The following review appeared 1 September 2001 on the Mark Twain Forum.
Copyright © 2001 Mark Twain Forum
This review may not be published or redistributed in any medium without permission.
Mary Leah Christmas
To the general public, Mark Twain and 8100 Goggin Kin is a handsomely produced reference book. To scholarly types, it is a charming volume containing much helpful historical, genealogical and biographical material. To seekers of the profound, however, Mark Twain and 8100 Goggin Kin is a four-dimensional phone book. Those of a sensitive, imaginative nature will readily perceive this book possesses that elusive quality of time transcendence.
Many people interested in genealogy routinely check motel phone books for their own surnames. In this inter-dimensional family directory, like any ordinary phone book, the surnames vary; but all are unified by blood or banns. Each person is assigned a number according to his or her generational rank (prefix) and individual indentifier (suffix). Want to talk to Sarah Jane Goggin Shy, who confronted Union pickets outside of Ironton, Missouri? Dial 5-53. Care to reach William Leftwich Goggin, who served as a U.S. Congressman and was a Whig candidate for Virginia governor in 1859? Dial 5-106. To confer with Samuel Langhorne Clemens himself, dial 6-295.
The phone book allusion may be more apt than it seems. The standard American phone book gives few hints about those listed in its residential pages. However, in Iceland, because of patronymic naming practices, individuals are listed alphabetically by their given names. If more than one person has the same given name and patronymic, as often happens, those entries also list occupations. This is the merest scintilla of biography, but satisfying to those who care about such things.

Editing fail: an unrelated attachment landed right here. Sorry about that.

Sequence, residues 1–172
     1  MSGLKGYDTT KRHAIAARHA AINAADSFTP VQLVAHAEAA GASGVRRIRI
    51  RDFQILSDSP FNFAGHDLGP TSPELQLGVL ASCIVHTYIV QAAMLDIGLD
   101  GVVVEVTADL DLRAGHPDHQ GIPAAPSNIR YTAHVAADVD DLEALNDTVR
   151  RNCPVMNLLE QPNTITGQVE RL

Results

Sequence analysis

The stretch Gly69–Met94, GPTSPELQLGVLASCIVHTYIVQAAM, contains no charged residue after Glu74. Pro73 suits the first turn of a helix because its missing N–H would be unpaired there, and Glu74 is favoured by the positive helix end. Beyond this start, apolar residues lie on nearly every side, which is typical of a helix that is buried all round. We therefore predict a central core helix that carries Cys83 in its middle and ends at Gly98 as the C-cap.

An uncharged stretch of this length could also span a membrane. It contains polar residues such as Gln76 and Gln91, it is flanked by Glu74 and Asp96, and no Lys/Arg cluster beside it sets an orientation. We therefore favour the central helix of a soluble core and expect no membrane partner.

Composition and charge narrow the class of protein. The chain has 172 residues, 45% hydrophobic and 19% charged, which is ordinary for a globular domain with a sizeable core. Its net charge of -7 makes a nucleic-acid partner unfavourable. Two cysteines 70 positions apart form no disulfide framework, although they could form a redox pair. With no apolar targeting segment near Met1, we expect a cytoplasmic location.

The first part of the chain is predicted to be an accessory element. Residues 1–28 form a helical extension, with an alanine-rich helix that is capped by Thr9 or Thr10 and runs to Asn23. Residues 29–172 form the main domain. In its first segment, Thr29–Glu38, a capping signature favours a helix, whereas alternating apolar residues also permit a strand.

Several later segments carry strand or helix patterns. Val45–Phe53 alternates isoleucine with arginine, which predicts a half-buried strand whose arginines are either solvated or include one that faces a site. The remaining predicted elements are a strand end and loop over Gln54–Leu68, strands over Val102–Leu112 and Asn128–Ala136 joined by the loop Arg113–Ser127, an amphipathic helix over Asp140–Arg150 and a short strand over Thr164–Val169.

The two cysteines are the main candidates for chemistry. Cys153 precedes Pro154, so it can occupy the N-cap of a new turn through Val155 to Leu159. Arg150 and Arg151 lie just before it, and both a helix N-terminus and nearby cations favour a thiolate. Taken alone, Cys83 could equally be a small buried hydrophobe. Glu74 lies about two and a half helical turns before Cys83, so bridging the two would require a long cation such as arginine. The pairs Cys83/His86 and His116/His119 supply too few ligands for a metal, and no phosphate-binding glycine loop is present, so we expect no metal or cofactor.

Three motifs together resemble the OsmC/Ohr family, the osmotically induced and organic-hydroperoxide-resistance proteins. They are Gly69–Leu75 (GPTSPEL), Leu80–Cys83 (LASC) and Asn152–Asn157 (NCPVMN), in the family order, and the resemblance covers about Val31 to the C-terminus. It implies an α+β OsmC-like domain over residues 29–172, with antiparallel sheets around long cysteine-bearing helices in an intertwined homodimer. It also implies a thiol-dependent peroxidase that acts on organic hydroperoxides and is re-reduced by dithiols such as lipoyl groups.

Mark Twain and 8100 Goggin Kin does not have biographical information for every entry, but there is enough of it to make for fascinating reading. One learns of the family sagas--the ups and downs, the triumphs and heartbreaks. Of Baptists and Presbyterians and Nazarenes, of Revolutionary and Civil War veterans (several of whom died in service), cowboys, physicians, postmasters, and a gymnast. Of orange slices, marshmallow peanuts, and an inside-out sofa. Of cholera and measles, of at least two family members injured or killed in falls from horses, of more than one death by tree branch, and even a death by "house raising." The latter was Mark Twain's grandfather, Samuel Clemens, husband of Pamela Goggin Clemens (4-28).
Mr. Bell's book also contains some noteworthy vintage photographs. One is moved by the caption of the first photo in the book. The posed portrait shows a serious-faced group of Bell family members from the sixth and seventh generations. The text underneath reads, "...I dedicate this book to these seven people who toiled from early morning to late at night.... They endured many untold hardships...searching for a better life for themselves and for those 'Goggin Kin' who would come later." Another photo of an enviable scene shows a crowd standing around Goggin's Landing on the Cumberland River in Kentucky. One wishes to project oneself into the picture, perhaps to sit on a barrel and watch for Mark Twain's ancestors as they pass by.